Two years ago, a Knesset panel discussed the possibility that Israel’s Arabs — who are currently exempt from any national service — could perform civic service in schools, hospitals and other non-political institutions that need volunteers. The polling at the time was fascinating in revealing a gulf between leaders and their constituents. Three quarters of Israel’s young Arab citizens favored the idea, while 90% of their political leaders opposed it.
Now, the percentage of young Arab citizens who favor the idea has fallen to 54%, a new Haifa University Survey indicates. So what has happened over the last couple of years to change the figure? It would seem that the opposition of the leaders has rubbed off on the general Arab population. When the idea was mooted back in February 2008, Arab leaders made their objections very clear. “Anyone who volunteers for national service will be treated like a leper and will be vomited out of Arab society,” Jamal Zahalka, a lawmaker with the Balad party declared at a rally.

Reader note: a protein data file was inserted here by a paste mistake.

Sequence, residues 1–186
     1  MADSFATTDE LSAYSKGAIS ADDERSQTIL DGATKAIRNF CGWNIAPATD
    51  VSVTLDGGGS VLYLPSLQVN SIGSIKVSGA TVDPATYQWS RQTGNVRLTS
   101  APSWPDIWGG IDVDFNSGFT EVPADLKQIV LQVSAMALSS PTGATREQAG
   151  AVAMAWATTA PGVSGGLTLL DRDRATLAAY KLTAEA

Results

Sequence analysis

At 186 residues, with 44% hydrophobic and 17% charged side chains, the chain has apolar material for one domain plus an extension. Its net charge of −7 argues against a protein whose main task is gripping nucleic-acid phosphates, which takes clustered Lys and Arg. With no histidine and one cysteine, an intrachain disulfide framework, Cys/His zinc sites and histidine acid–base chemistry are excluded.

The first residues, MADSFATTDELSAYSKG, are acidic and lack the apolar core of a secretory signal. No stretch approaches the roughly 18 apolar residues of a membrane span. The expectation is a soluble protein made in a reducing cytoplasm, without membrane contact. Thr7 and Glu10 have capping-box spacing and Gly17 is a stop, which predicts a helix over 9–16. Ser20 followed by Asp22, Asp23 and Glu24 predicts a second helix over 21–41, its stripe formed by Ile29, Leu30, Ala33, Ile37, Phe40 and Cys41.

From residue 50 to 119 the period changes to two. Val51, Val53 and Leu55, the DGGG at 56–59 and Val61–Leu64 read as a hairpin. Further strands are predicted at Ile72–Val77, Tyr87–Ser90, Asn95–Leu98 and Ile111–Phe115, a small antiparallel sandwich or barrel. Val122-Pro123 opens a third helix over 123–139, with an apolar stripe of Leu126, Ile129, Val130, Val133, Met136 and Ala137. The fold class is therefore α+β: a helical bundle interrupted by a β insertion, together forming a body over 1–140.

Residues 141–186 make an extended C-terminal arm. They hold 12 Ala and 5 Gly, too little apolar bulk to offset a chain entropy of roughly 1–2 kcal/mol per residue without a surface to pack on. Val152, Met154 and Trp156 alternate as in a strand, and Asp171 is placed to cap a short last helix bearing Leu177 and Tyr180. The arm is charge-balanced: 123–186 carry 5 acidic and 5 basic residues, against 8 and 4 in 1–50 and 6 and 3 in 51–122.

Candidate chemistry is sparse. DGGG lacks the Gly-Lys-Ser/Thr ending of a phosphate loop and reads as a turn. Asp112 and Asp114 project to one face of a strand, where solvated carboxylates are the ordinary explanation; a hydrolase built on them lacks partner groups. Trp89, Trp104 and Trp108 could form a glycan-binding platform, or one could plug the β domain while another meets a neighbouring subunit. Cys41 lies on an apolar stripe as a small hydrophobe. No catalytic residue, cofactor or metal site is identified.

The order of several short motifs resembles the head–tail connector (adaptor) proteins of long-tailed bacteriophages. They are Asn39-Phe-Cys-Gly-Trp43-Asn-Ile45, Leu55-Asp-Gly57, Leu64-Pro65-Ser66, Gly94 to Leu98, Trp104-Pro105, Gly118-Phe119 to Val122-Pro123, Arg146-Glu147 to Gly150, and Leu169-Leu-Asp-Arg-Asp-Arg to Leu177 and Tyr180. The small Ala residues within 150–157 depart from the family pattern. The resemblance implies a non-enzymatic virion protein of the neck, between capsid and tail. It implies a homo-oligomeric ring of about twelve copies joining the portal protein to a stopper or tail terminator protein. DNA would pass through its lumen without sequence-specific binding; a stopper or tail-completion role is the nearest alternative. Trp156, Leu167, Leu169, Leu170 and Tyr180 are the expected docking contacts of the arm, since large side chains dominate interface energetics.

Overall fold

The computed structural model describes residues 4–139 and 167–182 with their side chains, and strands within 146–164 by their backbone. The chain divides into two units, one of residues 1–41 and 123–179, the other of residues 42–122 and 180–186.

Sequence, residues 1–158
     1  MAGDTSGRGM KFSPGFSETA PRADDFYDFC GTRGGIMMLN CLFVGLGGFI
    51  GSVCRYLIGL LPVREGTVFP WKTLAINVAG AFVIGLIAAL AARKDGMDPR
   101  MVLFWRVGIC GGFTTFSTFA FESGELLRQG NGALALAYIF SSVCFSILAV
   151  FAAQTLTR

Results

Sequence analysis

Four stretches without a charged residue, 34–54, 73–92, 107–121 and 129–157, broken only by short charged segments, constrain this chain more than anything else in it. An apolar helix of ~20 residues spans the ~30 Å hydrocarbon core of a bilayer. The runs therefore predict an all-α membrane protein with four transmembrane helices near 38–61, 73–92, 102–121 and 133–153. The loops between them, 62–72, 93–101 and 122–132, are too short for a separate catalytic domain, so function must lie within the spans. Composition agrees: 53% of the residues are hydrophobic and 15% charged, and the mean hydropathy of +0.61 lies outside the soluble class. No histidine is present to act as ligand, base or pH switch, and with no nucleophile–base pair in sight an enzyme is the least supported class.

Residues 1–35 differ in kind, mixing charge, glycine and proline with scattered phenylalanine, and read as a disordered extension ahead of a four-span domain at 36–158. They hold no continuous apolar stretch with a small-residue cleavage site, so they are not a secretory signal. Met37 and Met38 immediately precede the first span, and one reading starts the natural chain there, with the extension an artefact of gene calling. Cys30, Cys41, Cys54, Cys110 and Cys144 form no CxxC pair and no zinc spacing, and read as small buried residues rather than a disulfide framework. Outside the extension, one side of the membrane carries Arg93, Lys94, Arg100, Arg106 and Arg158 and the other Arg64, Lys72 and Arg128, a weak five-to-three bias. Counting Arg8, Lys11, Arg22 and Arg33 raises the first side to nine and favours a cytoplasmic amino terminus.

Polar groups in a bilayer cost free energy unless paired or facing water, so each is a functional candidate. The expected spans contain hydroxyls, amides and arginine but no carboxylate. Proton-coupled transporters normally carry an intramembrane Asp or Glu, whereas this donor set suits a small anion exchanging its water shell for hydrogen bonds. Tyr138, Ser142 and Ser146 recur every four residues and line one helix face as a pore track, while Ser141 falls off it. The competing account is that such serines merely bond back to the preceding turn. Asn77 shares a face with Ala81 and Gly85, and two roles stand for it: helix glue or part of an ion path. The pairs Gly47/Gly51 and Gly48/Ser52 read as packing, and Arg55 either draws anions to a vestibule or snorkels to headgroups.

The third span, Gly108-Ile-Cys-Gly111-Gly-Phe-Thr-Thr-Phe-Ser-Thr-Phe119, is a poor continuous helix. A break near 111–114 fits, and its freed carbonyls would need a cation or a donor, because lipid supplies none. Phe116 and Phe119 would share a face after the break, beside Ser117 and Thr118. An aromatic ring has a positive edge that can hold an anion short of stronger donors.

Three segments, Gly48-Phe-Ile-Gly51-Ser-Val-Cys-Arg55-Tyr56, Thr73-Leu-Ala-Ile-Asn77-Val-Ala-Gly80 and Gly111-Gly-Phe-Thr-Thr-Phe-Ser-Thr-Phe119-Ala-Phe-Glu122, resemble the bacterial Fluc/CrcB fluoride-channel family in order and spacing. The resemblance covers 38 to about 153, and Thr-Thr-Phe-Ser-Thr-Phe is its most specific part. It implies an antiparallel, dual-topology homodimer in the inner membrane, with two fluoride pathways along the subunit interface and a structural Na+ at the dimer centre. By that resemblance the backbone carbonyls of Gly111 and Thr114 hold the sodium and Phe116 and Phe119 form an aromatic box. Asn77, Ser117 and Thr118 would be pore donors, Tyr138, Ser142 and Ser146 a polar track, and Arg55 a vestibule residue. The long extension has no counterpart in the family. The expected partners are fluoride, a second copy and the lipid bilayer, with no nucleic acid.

The Higher Arab Monitoring Committee, an umbrella organization for Israeli-Arab community, ran a campaign against the plan, as did Baladna, an Arab youth organization.
But interestingly, the campaign has left a significant number unconvinced that national service is a bad idea. The number of young Arabs prepared to stick their necks out and volunteer themselves has increased. In 2008 it was 628, and last year it was more than 1,000.
The interesting question, which unfortunately is not covered by the poll, is what motivates these young people — and if Zahalka is to believed puts them at risk of being “vomited out” of Arab society. Is it idealism? Is it that it looks good on a resume? It’s even conceivable that the economic crisis could be playing a part — at the end of service people get a grant of around $2,000 which can help them get started at university.